Anna, in the recent ‘Annayum Rasoolum’, has struck a chord. Andrea Jeremiah talks about her debut role in Malayalam

The mysterious air surrounding Anna in Rajeev Ravi’s Annayum Rasoolum hasn’t left Andrea Jeremiah completely. She appears aloof, hesitantly agrees for an interview, and is briefly preoccupied with her cell phone. After mild coaxing, she settles down to speak.

As Anna, she effortlessly slipped into the persona of an ordinary girl bogged down by life’s predicaments. “Anna’s character is such that everything happens within her. She is withdrawn from the world; she is a passive participant in her own life. Rasool is like her ticket to freedom, the very thing she has been dreaming of. And that is why she falls in love with him,” Andrea says, about her first role in a Malayalam film.

Becoming Anna

Few dialogues mark the relationship between Rasool and Anna, most of it is communicated through stolen glances and whispers. “But that is the beauty of it,” Andrea says. “I became Anna just like that. I do not wear a yellow sari every day and get on a boat; I don’t wear a name tag. But then, acting is about being someone you are not. And that is the challenge, isn’t it?” she asks.

The film, which released last Friday, is garnering rave reviews for its poignant, lyrical narrative. When she received a call from Rajeev Ravi offering her the role, Andrea accepted it quite simply, but did not have a clear idea about the role. “I didn’t know what I was getting into. I knew it was a love story and I wanted to do it. I am a huge romantic,” she says, pushing her hair back. She has a boil on her left eye lid, a make-up allergy, she informs. For Annayum Rasoolum, Andrea did not wear make-up. “Rajeev wanted a natural look. Then again, I am not a fan of make-up myself.”

Tamil and Telugu films

Born and brought up in Chennai, Andrea has done notable roles in Tamil cinema and a few in Telugu. But an acting career was never on the cards. “I have never thought of myself as an actor. Every time I tried to run away from films, they seemed to follow me,” she says. Her first break came with Gautham Menon’s Pachaikili Muthucharam. But her most enduring passion has been singing. She has sung in 27 films in Tamil, Telugu and Malayalam (‘Kando Kando…’ for Annayum Rasoolum), some of them chartbusters such as ‘Kannum kannum Nokia...’. Singing is something that comes to her naturally. “I have been singing always, right from my childhood. I was also good in studies, topped my classes. I was almost on the verge of studying medicine. But then, I realised I would have to give up singing. That is when it dawned on me. That I could have a career in music,” she says.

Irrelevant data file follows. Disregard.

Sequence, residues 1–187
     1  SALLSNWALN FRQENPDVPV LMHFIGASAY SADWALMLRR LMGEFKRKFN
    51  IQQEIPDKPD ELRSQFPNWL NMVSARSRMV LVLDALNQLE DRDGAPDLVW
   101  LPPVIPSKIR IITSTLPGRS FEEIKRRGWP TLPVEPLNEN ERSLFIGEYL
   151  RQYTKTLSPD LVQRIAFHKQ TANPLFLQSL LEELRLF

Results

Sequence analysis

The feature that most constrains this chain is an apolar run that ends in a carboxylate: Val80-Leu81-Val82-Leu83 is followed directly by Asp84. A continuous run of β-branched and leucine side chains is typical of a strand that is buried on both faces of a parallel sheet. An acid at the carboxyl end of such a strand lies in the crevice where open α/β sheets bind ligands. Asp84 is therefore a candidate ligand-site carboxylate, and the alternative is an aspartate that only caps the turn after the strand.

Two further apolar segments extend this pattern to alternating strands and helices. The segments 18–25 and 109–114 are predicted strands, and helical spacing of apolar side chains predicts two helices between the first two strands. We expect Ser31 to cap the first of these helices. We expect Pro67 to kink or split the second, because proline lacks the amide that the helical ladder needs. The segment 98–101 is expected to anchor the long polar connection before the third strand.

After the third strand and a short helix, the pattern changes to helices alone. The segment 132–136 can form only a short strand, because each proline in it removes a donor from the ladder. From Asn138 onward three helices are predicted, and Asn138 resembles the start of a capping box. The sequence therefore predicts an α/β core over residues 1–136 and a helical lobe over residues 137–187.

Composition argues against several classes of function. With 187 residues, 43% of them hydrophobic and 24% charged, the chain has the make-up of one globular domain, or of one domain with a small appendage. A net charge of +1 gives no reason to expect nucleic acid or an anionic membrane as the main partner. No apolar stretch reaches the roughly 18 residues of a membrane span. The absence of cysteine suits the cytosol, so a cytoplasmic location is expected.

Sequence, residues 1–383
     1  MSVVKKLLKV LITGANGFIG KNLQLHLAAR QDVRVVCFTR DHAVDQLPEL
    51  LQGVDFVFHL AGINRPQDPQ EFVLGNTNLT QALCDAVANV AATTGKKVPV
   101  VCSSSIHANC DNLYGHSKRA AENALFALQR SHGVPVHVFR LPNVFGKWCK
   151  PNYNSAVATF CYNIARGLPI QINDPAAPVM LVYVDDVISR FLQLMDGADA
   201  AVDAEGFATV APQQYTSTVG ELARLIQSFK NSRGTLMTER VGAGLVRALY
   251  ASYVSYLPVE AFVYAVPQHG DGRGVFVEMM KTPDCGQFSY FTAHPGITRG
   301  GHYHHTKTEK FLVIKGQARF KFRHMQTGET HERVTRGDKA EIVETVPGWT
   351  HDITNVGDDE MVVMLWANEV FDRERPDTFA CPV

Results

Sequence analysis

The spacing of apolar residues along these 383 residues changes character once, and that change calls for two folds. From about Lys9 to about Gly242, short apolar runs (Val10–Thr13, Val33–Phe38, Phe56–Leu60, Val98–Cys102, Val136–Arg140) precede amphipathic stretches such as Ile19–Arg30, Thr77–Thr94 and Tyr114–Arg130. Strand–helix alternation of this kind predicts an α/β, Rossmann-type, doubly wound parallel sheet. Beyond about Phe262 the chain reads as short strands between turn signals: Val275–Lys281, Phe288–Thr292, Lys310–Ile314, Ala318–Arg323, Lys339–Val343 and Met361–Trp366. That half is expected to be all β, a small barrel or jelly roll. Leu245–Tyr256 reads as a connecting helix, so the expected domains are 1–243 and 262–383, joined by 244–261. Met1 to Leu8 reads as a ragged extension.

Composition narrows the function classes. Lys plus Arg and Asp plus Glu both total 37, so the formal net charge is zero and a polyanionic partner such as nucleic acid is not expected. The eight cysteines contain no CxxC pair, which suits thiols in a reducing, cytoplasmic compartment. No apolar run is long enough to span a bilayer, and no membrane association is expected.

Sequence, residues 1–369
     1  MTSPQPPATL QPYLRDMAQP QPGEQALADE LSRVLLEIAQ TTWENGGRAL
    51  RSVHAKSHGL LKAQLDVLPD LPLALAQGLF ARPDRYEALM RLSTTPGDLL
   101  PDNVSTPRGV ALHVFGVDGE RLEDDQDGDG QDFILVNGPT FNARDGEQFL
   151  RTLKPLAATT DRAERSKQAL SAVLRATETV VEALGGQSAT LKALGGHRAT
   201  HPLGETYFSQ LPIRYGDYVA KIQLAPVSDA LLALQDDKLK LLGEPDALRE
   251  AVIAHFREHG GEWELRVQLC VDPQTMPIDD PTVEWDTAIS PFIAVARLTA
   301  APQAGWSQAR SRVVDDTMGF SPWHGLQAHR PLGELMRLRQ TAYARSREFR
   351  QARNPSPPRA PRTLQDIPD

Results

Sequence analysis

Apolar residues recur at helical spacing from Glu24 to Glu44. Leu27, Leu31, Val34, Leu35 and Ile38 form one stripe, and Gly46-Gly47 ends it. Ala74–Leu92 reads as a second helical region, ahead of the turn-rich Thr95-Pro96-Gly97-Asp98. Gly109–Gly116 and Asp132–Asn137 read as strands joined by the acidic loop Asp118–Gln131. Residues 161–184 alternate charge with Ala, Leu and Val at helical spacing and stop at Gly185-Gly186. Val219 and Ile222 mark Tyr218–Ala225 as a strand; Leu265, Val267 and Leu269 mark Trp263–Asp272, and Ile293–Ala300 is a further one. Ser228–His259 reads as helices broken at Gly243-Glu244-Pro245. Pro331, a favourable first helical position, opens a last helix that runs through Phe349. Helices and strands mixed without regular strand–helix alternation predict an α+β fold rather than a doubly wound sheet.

Andrea is careful about roles she picks. “I am not a method actor. I would call myself a spontaneous actor. But for every role that I am doing, I associate with a core quality of the character and then hold on to it,” she says. However, there are roles she wishes she had not done. “Its not that I have anything against the filmmaker or the cast. It was just that I was only 20 and I played a young mother. It unfortunately led to a lot of stereotypes,” she says, about Pachaikili...

Andrea does not particularly like watching films. “It’s such a taxing thing. I get too involved and I just can’t relax. I am a sitcom junkie. If I’ve nothing to do, I am at home, watching sitcoms,” she says.

Andrea has warm things to say about the Malayalam film industry. “I like the way the industry works and the style of filmmaking here,” she says. She will appear in the Kamal Hassan trilingual blockbuster Vishwaroopam and has signed a couple of more films in Tamil.